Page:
DEB: What does success mean to you and what’s your secret to longevity?
CRYSTAL: “Success to me means doing what I love, staying true to myself, which is creating music with a message, while not compromising who I am and the values I was raised with, always keeping family first. There’s the idea of happiness and there’s really being happy. I want to really be happy. I think that has also attributed to my longevity because I’m not trying to do what everyone else is doing. I’ve carved out my own little slice, and so far I’ve been allowed to have my cake and eat it too, and I’m just so thankful to the industry for that. Thank you so much once again, Deb and I hope you’re staying safe and taking care through these crazy times! ~Cheers C
DEB: It was my pleasure to chat with Crystal, congratulations on the Nomination for Recording/Producer of the Year for Church House Blues / True North (Producer: Dewayne Strobel) at this year’s 1st virtual version of the 24th Annual Maple Blues Awards 2021, held on February 8th in Ottawa.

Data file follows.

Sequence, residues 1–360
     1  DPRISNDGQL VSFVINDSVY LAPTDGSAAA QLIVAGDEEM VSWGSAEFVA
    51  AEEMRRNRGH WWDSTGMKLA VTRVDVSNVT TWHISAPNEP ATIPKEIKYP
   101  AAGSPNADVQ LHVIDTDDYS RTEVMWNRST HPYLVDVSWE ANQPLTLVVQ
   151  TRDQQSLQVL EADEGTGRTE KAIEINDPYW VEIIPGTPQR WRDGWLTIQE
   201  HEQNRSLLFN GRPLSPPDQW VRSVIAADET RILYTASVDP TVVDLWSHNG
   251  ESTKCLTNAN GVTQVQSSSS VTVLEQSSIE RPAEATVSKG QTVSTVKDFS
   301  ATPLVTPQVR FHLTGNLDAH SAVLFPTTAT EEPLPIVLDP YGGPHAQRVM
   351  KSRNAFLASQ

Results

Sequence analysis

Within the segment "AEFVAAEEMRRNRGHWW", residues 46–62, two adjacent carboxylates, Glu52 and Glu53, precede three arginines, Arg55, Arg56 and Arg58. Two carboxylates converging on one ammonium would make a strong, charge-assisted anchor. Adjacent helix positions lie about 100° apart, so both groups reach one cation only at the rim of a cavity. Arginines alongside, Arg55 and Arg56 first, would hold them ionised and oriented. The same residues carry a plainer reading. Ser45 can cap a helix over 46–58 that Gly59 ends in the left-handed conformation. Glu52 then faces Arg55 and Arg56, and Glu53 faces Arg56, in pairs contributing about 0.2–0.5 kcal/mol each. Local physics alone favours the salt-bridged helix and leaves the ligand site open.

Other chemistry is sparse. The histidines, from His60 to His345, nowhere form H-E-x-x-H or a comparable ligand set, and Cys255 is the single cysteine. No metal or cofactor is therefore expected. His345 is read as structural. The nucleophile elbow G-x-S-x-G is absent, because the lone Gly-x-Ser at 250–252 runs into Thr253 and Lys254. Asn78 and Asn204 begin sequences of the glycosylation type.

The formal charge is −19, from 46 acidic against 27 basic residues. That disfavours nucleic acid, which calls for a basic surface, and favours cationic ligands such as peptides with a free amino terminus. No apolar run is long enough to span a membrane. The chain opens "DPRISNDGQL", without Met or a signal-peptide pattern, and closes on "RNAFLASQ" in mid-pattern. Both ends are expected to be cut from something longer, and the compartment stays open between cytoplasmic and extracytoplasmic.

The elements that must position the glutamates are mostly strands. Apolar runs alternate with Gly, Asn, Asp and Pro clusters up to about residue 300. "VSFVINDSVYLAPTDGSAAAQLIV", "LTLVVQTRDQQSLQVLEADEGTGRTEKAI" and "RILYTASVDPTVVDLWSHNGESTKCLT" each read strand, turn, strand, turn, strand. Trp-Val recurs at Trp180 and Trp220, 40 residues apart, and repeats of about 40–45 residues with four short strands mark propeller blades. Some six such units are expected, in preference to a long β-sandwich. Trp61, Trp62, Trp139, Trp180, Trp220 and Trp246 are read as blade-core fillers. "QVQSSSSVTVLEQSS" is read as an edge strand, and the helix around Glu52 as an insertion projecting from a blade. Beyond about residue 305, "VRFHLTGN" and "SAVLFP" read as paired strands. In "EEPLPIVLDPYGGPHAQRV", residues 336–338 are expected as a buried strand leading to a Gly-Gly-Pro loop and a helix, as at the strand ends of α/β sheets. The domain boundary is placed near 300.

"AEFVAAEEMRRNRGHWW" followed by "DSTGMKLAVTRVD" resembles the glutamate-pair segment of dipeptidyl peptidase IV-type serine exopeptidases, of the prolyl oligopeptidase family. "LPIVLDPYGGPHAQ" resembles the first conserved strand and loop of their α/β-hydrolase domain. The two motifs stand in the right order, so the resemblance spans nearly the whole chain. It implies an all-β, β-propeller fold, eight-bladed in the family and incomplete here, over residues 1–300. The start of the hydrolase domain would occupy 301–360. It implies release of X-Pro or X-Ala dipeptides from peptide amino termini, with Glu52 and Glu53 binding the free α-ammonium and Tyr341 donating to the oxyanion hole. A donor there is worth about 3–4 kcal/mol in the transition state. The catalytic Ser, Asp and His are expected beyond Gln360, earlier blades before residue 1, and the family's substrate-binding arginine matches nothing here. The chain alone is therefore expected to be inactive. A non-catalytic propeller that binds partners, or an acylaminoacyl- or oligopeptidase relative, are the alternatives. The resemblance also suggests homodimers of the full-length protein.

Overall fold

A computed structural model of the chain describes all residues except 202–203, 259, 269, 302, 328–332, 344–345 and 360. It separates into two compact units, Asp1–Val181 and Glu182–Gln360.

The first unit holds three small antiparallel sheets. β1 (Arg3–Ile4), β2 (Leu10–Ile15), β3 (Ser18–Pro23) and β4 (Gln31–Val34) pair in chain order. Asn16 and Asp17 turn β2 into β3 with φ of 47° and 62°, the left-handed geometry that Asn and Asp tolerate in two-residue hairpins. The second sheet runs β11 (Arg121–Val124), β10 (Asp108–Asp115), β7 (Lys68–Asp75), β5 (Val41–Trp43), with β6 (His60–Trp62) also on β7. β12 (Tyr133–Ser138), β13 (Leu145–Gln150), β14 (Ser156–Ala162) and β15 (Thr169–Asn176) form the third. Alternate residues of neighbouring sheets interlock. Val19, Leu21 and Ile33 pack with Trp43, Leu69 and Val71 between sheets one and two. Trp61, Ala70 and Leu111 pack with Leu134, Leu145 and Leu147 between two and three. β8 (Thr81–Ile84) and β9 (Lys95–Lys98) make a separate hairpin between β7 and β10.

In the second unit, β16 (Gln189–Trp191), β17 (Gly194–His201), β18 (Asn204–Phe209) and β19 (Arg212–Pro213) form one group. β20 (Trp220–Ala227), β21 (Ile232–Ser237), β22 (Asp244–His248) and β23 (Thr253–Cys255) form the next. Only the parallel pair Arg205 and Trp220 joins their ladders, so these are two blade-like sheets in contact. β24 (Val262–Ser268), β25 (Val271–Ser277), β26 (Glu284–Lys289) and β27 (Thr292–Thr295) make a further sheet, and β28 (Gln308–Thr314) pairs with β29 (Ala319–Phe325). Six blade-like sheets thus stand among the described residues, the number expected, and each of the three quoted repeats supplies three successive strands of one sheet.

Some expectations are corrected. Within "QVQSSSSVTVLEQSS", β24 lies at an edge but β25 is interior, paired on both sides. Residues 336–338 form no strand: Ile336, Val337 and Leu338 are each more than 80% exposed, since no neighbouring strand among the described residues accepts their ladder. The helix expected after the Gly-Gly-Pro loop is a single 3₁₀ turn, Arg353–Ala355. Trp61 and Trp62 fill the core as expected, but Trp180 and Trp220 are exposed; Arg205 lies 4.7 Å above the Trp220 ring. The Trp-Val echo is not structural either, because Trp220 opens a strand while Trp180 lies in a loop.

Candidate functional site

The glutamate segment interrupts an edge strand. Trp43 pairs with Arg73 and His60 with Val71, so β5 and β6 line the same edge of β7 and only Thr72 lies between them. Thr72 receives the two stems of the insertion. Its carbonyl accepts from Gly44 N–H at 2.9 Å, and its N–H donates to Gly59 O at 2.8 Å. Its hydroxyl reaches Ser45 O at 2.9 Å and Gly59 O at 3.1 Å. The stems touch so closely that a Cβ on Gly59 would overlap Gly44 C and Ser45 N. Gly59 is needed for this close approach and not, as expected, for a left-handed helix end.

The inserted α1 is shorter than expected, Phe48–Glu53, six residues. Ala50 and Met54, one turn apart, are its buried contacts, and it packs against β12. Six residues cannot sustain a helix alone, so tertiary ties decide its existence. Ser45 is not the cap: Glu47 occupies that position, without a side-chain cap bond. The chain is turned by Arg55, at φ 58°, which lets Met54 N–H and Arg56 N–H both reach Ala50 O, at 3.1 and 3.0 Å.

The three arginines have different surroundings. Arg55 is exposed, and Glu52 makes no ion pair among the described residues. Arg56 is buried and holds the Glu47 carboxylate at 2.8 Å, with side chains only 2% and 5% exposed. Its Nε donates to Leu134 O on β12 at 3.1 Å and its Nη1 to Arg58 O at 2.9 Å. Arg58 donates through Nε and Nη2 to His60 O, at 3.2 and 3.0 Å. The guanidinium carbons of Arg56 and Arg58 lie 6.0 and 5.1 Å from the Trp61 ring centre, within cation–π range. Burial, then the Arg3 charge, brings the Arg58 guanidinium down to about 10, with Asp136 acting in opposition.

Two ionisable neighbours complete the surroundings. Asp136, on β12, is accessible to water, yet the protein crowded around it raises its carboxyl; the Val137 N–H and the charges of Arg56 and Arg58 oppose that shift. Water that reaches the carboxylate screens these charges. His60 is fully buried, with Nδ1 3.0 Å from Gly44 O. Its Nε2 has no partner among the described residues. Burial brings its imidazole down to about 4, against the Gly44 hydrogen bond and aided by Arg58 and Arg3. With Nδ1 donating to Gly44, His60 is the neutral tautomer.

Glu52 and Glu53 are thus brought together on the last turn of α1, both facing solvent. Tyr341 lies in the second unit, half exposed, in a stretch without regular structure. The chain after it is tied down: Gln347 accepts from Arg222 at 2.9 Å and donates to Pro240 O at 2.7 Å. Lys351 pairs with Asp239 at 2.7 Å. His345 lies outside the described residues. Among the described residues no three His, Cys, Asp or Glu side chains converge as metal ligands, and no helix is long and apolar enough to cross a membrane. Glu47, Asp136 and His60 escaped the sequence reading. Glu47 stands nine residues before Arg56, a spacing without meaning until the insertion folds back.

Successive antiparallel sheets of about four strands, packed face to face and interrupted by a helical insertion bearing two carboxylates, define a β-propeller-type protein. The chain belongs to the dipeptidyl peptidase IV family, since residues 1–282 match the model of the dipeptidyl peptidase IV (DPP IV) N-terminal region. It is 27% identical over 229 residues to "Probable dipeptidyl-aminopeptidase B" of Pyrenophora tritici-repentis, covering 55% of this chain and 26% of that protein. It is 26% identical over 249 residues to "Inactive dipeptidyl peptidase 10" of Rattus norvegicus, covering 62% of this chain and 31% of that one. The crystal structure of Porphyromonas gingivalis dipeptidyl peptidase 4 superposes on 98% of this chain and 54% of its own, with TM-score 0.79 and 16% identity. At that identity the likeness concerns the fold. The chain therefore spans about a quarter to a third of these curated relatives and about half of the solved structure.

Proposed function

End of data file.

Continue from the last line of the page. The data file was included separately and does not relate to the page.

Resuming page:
It was the blues that set her free almost seven years ago, and now her music finally feels like home. Her 3rd blues album, Church House Blues is a modern take on the blues but is deeply rooted in heart-wrenching laments and catchy rump-shakers. It’s where the north meets the south and captures the resilience of the human spirit — much like the way Crystal does. This album is reminiscent of a time gone by. She will make you feel every word with a powerful voice that never fails, pure and gritty at the same time. Do yourself a favor and see if she’s playing somewhere near you. Hurry, don’t delay, click on over to view the outstanding Church House Blues PROMO https://youtu.be/A4ljleAOsEg
Stay in tune by visiting and getting your copy of Crystal’s 2020 Church House Blues album or all 7 of her record collection while you are there. http://crystalshawanda.co/albums